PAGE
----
demo scene

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It’s 5/7/09, a nice odd sequence, so time for a few odds and ends I’ve collected.

OK, this is worth a few minutes of your life: the elevated demo is awe-inspiring. Terrain generation (be patient when you start it), fly-by’s, and music, all in less than 4096 bytes. By way of comparison, an empty MS Word document is 9834 bytes. (thanks to Steve Worley)

Google has put out a browser-based low-level 3D graphics API called O3D. API here. Demos here. Some initial impressions here. It will be interesting to see if they succeed where so many others have failed.

There is a call for participation out for a new book series called “Game Engine Gems“, edited by Eric Lengyel. (thanks to Marwan Ansari)

The main thing I look at on the SIGGRAPH exhibition floor are the book booths. Good books are such a ridiculous bargain: if a book like Geometric Tools saves a programmer 2 hours of time, it’s paid for itself. One new book that I want to see is Real-Time Cameras, by Mark Haigh-Hutchinson, which came out this April. Looking around for more info, I noticed this sad note. I never met Mark, but we corresponded a few times. He came up with a clever idea to avoid performing division when doing a point in polygon test; I folded this into the CrossingsMultiplyTest Graphics Gems code here, crediting him.

I’ve been looking at GPU capabilities and benchmarking information lately. Some nice resources:

  • You probably know about the benchmarking group Futuremark. Me, I hadn’t realized they had useful stats at their site: see the Futuremark ORB links at the bottom of the page and start clicking.
  • Two applications that tell you a ton about your card’s capabilities: GPU-Z, with a ton of information and a statistics page & cute map of downloads at their site, and GPU Caps, which also includes CUDA-related information and some nice little OpenGL benchmarks.
  • Chris Dragan has a web database that provides a fair amount of data on card support for DirectX capabilities and OpenGL extensions.
  • The Notebook Check site had way too much information about many laptop graphics accelerators.
  • nHancer is a utility for NVIDIA cards. It lets you get at all sorts of different capabilities on your GPU, on a per-game basis. There are also interesting antialiasing and anisotropic filtering comparison pages (click on the radio buttons). (thanks to Mauricio Vives)
Some interesting libraries I ran across lately:
  • GTS is an open-source mesh manipulation package.
  • Box2D is a 2D physics engine.
  • Touchlib is a multitouch development kit. (thanks to Morgan McGuire)

Coincidental world: it turns out there’s a different “Eric Haines” out there that made a well-received 3D graphics game for the iPhone, Realmaze 3D. I’m not sure how it compares to his The Magical Flying Pink Pony Game, which looks awesome. (thanks to Nikolai Sander)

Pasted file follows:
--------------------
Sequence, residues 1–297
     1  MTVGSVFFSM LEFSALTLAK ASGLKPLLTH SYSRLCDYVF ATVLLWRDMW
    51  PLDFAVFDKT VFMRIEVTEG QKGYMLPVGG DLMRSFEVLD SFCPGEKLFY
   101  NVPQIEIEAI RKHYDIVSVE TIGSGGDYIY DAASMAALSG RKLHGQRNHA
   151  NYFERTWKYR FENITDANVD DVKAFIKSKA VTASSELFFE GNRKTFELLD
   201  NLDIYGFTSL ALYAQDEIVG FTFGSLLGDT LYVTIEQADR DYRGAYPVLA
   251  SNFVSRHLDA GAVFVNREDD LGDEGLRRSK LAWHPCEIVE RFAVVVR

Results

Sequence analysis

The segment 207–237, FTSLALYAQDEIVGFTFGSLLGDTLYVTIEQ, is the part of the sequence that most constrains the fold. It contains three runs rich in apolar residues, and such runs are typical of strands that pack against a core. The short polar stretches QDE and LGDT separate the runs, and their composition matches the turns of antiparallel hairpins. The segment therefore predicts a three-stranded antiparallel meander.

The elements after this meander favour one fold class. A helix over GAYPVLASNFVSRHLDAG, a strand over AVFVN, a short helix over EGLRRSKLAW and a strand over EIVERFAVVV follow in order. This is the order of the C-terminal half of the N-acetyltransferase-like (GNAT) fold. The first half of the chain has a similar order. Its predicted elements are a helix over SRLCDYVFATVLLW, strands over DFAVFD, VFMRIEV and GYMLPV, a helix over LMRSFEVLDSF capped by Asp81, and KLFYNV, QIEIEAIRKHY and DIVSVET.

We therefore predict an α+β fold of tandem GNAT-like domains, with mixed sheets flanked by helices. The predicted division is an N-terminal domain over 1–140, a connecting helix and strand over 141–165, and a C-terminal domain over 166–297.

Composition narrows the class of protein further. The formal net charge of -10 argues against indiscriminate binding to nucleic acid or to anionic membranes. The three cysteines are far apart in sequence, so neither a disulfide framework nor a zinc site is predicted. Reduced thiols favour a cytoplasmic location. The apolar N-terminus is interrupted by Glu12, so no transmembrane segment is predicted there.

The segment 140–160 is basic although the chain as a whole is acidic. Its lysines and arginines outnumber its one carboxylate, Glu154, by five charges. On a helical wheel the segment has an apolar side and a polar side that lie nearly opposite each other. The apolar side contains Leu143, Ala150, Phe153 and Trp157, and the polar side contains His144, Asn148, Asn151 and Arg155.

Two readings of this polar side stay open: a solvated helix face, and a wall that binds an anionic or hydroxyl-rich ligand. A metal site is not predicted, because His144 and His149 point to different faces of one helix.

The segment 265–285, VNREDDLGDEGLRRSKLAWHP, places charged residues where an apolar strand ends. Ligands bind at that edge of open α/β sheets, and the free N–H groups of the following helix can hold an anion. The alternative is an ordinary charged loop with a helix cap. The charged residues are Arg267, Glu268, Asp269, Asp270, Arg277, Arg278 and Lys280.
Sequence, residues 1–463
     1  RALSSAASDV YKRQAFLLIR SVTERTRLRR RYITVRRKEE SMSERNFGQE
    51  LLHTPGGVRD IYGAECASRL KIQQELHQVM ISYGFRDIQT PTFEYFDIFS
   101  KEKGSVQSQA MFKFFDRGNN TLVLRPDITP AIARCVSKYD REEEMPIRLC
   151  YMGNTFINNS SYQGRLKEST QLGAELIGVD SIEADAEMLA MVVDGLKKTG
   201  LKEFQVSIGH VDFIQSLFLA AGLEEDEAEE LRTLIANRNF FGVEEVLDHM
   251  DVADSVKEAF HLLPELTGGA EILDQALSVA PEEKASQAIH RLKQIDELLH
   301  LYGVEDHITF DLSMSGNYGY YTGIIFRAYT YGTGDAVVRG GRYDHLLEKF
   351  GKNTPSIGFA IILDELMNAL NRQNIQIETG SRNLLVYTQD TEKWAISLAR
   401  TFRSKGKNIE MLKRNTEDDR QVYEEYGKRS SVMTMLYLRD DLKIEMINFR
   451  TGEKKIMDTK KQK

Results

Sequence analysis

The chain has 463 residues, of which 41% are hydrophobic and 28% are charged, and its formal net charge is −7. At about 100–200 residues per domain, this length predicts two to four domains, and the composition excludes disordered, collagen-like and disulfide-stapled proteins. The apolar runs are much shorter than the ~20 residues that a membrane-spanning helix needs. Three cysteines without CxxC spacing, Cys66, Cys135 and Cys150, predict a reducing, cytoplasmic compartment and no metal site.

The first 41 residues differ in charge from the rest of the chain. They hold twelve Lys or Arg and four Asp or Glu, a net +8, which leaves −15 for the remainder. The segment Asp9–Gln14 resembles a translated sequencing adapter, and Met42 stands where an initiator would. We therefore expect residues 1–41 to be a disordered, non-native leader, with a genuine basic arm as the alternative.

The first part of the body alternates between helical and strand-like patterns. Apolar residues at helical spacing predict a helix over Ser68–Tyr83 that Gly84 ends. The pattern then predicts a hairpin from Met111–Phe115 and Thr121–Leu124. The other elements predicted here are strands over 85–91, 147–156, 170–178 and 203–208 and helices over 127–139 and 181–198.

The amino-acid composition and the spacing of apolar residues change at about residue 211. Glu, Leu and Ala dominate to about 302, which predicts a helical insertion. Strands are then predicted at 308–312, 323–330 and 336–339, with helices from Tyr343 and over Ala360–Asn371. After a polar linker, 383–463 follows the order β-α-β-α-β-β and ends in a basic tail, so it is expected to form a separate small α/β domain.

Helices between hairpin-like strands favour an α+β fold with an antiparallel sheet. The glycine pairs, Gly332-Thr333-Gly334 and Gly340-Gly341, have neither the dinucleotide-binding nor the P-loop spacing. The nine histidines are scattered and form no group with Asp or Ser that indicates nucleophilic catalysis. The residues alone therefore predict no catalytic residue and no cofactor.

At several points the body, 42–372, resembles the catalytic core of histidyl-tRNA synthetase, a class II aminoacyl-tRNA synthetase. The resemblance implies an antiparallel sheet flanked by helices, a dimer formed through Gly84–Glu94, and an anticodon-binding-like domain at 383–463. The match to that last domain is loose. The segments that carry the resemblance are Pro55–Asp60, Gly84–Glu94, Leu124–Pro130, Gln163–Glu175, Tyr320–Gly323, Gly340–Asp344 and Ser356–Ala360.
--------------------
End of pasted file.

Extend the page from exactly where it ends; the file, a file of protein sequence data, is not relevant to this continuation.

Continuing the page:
I’ve seen similar real-world illusions, but still thought this one was pretty great. (Addendum: Morgan McGuire found this even-better video of the effect.)

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This and That

I’ll someday run out of titles for these occasional summaries of new(ish) resources, but in the meantime, this one’s “This and That”.

Christer Ericson’s article on dealing with grouping and sorting objects for rendering is excellent. It mostly depends on input latency, but has concepts that can be applied in immediate mode.

An element that continues to renew the field of computer graphics is that the rules change. This article is about taking Quake 2 (from 1997) and moving it to a modern GPU.

If you haven’t seen it yet, Farbrausch’s demo “debris” is truly impressive. It’s only 183,462 bytes, and is absolutely packed with procedural content. Download here (last link works). Or be lazy and watch on YouTube.

NVIDIA’s pulled together its resources for shadow generation and ambient occlusion all onto one handy page (plus ray tracing – just one entry so far, but it’s a good one).

How to deal with various rendering paradigms on multiple platforms? GRAMPS looks intriguing.

Gamasutra put a useful Game Developer article online, all about commercial middleware game engines currently available.

OpenGL will always exist, since Macs and Linux need it. It’s easier to use in college courses because of its clarity and readability. But otherwise the pendulum’s swung far towards DirectX. Phil Taylor comments on and gives some historical context to the controversy around the latest release, OpenGL 3.0.

A nice trend for OpenGL is that people continue to write useful bits, such as GLee, which manages extensions.

New info on older effects: blur and glow, volumetric clouds, and particle systems.

The glorious teapot. I like “a wireframe view”. Yes, the real thing is taller than the synthetic model, as the model makers were compensating for non-square pixels.